Galileo Unread Email Counter
Does your life revolve around email, or do you need a little nudge once-in-a-while to go check your email? If you’ve ever wanted to check your email without actually checking your email, this is the project for you! An Intel Galileo-based, Python/Arduino hybrid, unread email notifier! This project connects to the Internet over either WiFi or Ethernet, logs into your email account, checks how many unread emails you have, and displays that number onto a 7-segment LED.
This project is an excellent introduction to the Galileo. It takes advantage of the Arduino form-factor, by equipping the powerful single-board computer (SBC) with an Arduino shield, and it also makes use of Python and the Galileo’s easy network-connectivity. Plus, of course, all of the coding and action takes place within the comfy confines of an Arduino sketch.
Here is a list of materials you’ll need to set this project up:
- Intel Galileo – The Galileo is the brains of the operation. It’ll be running an Arduino sketch, calling a Python script, and updating the display.
- OpenSegment Shield – This serially-controlled display makes interfacing with a large, bright 4-digit 7-segment display super-easy. (Also available in Red, Green, White, and Yellow.)
- µSD Card – This project requires the “bigger” Linux image, and this card is also used to store a Python script.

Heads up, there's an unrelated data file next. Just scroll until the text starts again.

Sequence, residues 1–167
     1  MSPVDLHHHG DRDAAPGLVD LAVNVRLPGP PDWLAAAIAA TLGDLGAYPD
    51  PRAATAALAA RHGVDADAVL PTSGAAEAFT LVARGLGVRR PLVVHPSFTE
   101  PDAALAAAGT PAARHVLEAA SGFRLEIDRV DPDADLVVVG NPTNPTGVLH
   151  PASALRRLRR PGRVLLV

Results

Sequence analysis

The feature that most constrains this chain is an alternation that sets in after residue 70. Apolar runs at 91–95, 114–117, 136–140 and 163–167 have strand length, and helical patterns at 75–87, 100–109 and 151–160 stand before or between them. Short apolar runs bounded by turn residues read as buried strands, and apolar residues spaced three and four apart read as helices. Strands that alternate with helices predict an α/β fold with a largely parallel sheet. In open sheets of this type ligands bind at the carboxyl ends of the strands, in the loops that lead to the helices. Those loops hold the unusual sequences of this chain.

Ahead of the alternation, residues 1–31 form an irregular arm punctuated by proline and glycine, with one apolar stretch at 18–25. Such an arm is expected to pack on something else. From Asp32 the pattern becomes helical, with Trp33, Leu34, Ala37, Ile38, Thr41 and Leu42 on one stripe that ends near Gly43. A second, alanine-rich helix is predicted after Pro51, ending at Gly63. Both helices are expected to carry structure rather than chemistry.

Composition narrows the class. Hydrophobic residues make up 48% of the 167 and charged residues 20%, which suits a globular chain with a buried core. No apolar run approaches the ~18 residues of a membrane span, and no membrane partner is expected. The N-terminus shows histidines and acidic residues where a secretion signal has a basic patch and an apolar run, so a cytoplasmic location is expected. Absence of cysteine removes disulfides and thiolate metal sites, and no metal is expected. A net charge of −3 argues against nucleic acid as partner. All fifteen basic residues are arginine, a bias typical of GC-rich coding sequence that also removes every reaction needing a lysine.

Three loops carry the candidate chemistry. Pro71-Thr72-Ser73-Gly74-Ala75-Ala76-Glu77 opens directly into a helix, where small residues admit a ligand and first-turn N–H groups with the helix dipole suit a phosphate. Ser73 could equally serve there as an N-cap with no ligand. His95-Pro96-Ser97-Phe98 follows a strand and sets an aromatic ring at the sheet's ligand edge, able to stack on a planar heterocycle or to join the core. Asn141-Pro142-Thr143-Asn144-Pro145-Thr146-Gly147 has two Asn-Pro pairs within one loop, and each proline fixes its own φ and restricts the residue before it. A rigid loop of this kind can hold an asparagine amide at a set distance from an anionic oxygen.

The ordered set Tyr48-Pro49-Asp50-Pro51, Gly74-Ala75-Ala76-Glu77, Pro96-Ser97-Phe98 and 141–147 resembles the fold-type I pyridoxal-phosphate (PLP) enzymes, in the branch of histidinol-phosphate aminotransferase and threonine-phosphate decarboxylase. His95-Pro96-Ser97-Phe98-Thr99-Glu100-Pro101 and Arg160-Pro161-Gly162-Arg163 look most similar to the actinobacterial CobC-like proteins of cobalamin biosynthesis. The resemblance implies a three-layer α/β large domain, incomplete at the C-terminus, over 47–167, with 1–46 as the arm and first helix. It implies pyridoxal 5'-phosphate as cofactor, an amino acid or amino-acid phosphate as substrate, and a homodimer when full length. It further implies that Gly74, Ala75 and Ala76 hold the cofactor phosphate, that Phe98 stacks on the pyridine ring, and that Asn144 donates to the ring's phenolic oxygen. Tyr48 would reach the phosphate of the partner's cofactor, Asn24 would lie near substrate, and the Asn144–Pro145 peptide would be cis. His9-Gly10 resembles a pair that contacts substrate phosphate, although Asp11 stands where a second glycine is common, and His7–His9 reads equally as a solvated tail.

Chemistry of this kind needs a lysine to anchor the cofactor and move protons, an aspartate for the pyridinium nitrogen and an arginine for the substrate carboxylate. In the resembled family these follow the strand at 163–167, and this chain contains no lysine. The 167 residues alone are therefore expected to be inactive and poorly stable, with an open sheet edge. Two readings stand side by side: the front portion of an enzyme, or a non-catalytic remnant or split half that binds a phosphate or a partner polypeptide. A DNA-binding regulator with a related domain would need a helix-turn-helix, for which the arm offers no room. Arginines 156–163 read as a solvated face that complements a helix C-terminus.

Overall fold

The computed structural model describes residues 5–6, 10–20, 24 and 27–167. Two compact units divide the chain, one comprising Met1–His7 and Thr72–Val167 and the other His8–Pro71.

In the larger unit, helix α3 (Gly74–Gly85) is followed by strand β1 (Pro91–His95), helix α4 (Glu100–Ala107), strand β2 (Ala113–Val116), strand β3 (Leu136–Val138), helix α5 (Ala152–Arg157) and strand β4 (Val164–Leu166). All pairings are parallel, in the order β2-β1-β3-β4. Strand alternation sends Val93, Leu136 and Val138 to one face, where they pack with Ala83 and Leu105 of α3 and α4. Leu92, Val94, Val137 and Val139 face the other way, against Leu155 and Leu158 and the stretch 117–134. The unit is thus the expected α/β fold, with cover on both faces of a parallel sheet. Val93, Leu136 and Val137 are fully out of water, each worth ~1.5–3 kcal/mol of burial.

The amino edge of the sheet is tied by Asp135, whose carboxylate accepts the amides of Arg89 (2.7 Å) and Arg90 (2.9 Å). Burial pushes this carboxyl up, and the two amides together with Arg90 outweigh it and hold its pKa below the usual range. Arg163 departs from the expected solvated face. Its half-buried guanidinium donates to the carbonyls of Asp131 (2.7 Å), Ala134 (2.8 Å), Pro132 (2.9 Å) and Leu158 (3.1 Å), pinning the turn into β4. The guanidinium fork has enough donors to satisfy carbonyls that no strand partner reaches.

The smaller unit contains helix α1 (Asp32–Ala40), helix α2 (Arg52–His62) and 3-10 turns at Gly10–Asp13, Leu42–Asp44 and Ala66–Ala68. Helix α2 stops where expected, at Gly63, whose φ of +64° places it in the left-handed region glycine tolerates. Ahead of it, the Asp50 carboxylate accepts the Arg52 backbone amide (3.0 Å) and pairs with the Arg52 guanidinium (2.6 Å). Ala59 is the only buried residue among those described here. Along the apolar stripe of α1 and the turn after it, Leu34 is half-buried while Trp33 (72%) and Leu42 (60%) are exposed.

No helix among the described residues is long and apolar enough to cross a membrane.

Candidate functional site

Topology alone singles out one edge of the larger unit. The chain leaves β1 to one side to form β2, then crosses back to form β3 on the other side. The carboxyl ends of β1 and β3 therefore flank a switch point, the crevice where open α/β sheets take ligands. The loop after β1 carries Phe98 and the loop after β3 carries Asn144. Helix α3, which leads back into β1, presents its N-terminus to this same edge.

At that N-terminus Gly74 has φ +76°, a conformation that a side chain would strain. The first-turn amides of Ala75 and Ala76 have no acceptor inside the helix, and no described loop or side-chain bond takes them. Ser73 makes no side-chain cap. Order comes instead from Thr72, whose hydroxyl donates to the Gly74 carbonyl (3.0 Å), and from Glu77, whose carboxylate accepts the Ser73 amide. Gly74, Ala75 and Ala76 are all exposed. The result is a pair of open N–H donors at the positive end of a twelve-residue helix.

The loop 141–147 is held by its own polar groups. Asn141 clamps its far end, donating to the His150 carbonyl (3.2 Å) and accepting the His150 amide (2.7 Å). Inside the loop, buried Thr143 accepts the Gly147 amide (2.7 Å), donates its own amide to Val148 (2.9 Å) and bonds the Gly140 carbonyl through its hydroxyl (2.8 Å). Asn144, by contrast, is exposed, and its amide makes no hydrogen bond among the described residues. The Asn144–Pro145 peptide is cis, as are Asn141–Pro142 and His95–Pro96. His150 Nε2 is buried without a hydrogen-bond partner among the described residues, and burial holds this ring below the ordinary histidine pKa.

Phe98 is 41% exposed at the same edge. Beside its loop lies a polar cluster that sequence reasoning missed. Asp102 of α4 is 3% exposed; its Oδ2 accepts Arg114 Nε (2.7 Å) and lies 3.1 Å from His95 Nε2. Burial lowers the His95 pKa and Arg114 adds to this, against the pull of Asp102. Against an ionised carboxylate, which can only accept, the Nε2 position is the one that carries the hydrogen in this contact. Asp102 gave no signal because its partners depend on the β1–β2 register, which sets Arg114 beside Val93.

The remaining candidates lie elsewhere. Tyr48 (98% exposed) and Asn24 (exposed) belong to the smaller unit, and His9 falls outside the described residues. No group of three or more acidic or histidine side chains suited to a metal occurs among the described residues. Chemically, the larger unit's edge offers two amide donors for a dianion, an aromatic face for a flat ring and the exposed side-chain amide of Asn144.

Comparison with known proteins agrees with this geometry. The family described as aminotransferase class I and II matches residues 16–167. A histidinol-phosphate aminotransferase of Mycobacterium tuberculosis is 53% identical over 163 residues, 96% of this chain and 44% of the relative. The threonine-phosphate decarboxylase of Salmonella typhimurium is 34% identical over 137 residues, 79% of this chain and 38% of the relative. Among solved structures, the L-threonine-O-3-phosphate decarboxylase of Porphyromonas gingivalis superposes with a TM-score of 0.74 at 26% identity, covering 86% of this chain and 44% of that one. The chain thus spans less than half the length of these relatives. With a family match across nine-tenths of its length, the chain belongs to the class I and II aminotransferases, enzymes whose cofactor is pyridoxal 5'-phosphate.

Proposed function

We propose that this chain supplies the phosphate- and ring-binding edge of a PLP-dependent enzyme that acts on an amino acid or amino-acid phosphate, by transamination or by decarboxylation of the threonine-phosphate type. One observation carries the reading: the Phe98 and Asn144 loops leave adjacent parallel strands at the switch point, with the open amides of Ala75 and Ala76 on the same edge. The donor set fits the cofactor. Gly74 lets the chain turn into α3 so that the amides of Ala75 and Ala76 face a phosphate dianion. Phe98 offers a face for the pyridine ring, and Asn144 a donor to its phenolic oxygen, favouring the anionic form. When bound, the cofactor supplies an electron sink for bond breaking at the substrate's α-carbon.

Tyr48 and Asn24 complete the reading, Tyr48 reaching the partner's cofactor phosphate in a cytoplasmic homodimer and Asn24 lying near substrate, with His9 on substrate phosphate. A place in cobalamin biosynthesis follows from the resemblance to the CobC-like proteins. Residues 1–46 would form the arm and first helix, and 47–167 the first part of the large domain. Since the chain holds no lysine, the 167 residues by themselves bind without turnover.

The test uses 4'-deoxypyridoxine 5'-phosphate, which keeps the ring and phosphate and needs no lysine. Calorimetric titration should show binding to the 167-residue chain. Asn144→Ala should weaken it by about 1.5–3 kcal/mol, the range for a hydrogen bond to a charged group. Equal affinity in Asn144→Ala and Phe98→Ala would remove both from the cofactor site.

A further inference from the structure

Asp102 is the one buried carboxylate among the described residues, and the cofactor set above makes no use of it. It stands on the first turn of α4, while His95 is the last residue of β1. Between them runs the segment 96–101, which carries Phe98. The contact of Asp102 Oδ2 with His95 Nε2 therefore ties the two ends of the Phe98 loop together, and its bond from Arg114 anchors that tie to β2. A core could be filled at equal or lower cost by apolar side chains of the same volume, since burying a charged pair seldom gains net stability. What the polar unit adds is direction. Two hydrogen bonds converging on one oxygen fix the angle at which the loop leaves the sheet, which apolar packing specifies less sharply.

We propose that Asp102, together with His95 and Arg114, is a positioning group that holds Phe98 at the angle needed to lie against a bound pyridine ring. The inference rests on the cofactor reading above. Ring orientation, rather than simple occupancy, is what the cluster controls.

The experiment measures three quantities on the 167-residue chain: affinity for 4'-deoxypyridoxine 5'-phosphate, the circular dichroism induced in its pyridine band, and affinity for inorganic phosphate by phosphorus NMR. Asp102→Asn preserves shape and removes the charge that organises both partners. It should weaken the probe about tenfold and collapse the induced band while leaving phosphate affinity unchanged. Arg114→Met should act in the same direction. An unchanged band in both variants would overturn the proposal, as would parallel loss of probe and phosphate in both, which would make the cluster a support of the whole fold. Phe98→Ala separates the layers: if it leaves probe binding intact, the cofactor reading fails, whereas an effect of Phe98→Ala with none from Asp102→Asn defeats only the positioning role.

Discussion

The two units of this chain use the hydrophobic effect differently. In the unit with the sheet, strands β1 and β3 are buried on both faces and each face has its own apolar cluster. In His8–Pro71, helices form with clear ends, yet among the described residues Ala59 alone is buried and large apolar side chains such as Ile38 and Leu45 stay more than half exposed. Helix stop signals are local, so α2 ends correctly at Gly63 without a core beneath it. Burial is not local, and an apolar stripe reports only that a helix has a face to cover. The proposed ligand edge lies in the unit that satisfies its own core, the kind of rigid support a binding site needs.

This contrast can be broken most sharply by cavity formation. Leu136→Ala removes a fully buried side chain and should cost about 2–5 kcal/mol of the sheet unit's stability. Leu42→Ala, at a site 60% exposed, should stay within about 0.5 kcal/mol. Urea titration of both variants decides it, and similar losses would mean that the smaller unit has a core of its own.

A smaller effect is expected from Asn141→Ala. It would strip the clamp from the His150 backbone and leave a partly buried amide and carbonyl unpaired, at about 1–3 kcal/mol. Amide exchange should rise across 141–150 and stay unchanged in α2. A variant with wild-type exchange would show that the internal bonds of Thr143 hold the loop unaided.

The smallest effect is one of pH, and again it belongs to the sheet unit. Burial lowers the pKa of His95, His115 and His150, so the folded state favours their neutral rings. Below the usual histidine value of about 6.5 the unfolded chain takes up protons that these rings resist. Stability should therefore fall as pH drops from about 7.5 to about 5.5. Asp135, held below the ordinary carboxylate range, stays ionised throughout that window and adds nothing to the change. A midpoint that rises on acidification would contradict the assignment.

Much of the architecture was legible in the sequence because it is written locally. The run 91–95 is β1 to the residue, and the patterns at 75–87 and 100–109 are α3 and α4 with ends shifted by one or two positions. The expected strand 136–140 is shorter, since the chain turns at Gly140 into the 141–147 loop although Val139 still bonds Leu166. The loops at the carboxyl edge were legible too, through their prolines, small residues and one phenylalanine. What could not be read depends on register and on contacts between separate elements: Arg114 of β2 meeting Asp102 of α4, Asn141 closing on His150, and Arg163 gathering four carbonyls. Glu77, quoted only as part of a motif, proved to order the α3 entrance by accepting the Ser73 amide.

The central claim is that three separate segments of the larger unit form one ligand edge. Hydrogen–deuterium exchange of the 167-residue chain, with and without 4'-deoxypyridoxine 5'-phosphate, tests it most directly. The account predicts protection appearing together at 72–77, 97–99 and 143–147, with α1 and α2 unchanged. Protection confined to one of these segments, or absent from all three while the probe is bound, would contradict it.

To connect your Galileo to the Internet, you’ll either need:
- An Ethernet Cable long enough to connect your Galileo to an Internet-connected router.
- A Mini PCIe WiFi Card based on the Intel Centrino chipset (so it’s compatible with the Galileo’s drivers). Depending on which card you get, you may need some WiFI antennas connected to it.'
Before delving into this tutorial, we recommend you check out the Galileo Getting Started Guide, which will help you get your Galileo set up. You will need the “bigger” Galileo Linux image installed, so follow along with the directions on that part of the tutorial.
In addition to that tutorial, here are some related guides we’d recommend reading:
- Using the Serial 7-Segment Display – This tutorial provides a good overview of the OpenSegment Shield we’ll be using in this project.
- Serial Peripheral Interface (SPI) – We’ll use SPI to communicate between the Galileo and OpenSegment Shield display.
- How to Power Your Project – If you want to take your project mobile, or use something other than the 5V DC power supply, check out this tutorial.